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This topic is adapted from the Bible Project YouTube channel. This is part 7 in the Bible Themes series.

Pretty much everyone is familiar with the Ten Commandments God gave to Israel (Exodus 20). But there’s a lot more to the Law of Moses – called the “Torah” (תּוֹרָה) which is often translated as “law” into English. In fact, there are 613 laws in the first fives books of the Bible, which as a unit (Genesis, Exodus, Leviticus, Numbers, Deuteronomy) are called the Torah by Jews or the “Pentateuch” (which comes from two Greek words meaning “five books”) by many Bible scholars.

[Related: What Is the Story of the Bible?]

Video Highlights:

  • If the Torah is the “law,” are we supposed to obey some of the commands? Or all of them? It can be a bit confusing, because “law” isn’t always the best way to think about the first five books of the Bible. It’s really a story that has sections that describe laws in it. This story is about how God is creating new kinds of people who are able to fully love God and love others.
  • This story is about God creating humanity, who rebels. God then chooses a man named Abram (later “Abraham”) and Sarai (later “Sarah”) who he will use to bless all the world through their family, who are later known as “Israel.” Israel ends up in slavery in Egypt, but God rescues them. At Mt. Sinai, God makes a “covenant” (agreement”) with Israel and the laws Moses gives to Israel on God’s behalf are the terms of this agreement. This is how the OT laws fit into the big story of the OT.
  • Some of the laws, like the food and clothing laws, are about rituals and practices that set apart Israel from other groups of people. Other laws were about justice and morality. By obeying these laws, Israel was to show other nations what God is like.
  • The rest of the Torah is the continuation of the story, not just a list of all the laws – although there are plenty of laws listed. The laws are broken up and placed strategically throughout the story. Often, laws will follow a story where someone breaks a law or a bad situation arises, highlighting why that law exists. For example, after Moses shares God’s laws not to worship idols, a story is shown where Israel immediately worships idols. Talk about a short-term memory.
  • By the end of the Torah, it’s pretty clear that no matter how many laws there are, the people are just going to continue rebelling. At the end of the Torah, Moses tells Israel that it’s clear they are not going to follow God. The problem is that they need new, transformed hearts if they’re ever going to truly follow God’s law (Deuteronomy 30:6).
  • The next section of books is the fifteen books of the prophets. They reflect back on the story of the Torah and the historical books (Joshua, Judges, Ruth, Samuel, and Kings – which are also considered “prophetic books” in the Hebrew OT), looking at how Israel was disobedient in the past and in the prophets’ own days. The prophets saw that Moses was right: people needed new hearts if they were to follow God.
  • Isaiah promised a future leader – the Messiah (Jesus Christ) – who would lead the people in obedience to the Torah and would continue the story of the OT.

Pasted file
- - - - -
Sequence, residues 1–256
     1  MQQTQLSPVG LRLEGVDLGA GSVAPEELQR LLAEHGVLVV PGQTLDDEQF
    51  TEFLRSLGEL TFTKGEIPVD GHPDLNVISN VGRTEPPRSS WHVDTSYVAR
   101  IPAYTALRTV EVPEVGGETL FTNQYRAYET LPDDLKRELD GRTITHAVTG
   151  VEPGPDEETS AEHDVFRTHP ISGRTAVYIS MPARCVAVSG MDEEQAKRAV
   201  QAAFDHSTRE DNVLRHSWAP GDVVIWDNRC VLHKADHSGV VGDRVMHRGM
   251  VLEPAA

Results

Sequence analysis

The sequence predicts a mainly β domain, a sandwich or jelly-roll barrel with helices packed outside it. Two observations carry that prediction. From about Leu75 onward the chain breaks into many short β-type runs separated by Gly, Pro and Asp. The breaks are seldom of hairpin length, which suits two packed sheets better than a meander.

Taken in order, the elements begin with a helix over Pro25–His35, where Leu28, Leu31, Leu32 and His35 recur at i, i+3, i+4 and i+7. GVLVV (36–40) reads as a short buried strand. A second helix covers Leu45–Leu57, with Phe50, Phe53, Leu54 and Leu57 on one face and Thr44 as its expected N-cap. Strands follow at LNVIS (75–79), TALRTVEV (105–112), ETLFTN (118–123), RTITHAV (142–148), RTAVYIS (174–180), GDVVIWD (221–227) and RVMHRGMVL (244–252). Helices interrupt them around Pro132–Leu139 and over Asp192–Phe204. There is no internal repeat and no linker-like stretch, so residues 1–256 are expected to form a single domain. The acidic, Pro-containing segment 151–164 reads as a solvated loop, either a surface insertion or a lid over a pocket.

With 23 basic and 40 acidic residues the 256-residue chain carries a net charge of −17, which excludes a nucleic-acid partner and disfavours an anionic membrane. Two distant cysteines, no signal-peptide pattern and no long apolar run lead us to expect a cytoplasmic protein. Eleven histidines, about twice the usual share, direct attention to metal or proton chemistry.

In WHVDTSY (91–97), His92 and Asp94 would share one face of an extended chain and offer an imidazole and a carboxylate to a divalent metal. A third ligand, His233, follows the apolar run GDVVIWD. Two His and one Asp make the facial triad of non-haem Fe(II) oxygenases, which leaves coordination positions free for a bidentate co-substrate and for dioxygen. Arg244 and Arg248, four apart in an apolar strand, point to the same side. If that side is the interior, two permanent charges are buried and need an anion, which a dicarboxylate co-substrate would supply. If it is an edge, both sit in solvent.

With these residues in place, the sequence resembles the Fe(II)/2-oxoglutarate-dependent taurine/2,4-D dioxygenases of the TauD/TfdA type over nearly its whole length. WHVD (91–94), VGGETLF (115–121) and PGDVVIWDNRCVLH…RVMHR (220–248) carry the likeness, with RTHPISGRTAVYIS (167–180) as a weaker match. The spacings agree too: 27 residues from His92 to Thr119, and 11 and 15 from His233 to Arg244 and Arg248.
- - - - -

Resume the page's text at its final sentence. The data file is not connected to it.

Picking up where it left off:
• Jesus taught that out of the human heart come the ugliest parts of human nature, but his purpose was to to solve that problem by fulfilling the Torah. Jesus taught that the commands of all the Torah could be fulfilled within the Greatest Commandment – love God most, love people second-most  (Matthew 22:37-39).
  • Jesus showed how love is far more demanding than we realize. He quotes the Torah, saying we should not murder in Matthew 5:21-26. But he says even more: when you disrespect someone, or hold grudges or bitterness toward them, you are also violating God’s moral ideal. You’re not loving people. True love extends to our enemies, but our hearts without Jesus are not equipped to fulfill even this most basic command of loving God and loving others.

Where Israel failed, Jesus completed the story. As the Messiah, he fully loved God and others and showed what God is like. After his resurrection, he promised to send God’s Holy Spirit to transform the hearts of his followers so they, too, could live as humans were almost meant to live – loving God and loving others. This is why the Apostle Paul wrote in Romans 13:8 that the one who loves fulfills the law.

[Related: Why Do Christians Ignore Other Old Testament Laws but Condemn Homosexuality?]

Written content for this topic by Daniel Martin.

Discussion Questions:

  1. Watch the video together or invite someone to summarize the topic.
  2. What is your initial reaction to this video? Do you disagree with any of it? What jumped out at you?
  3. Do you think Christians should obey the OT laws? Why or why not?
  4. Why is it important that many of the laws in the OT are sandwiched between different stories of Israel?
  5. Why did God want to “set apart” Israel from other nations? Does this have any relevance for Christians today? Explain why or why not.
  6. “Out of the human heart come the ugliest parts of human nature.” Explain why you agree or disagree with this statement.
  7. Read Matthew 22:37-39. How can we “love God most and love people second most?”
  8. Why do people need “new hearts” if they are going to truly follow God? How do we gain a “new heart?”
  9. Write a personal action step based on this conversation.

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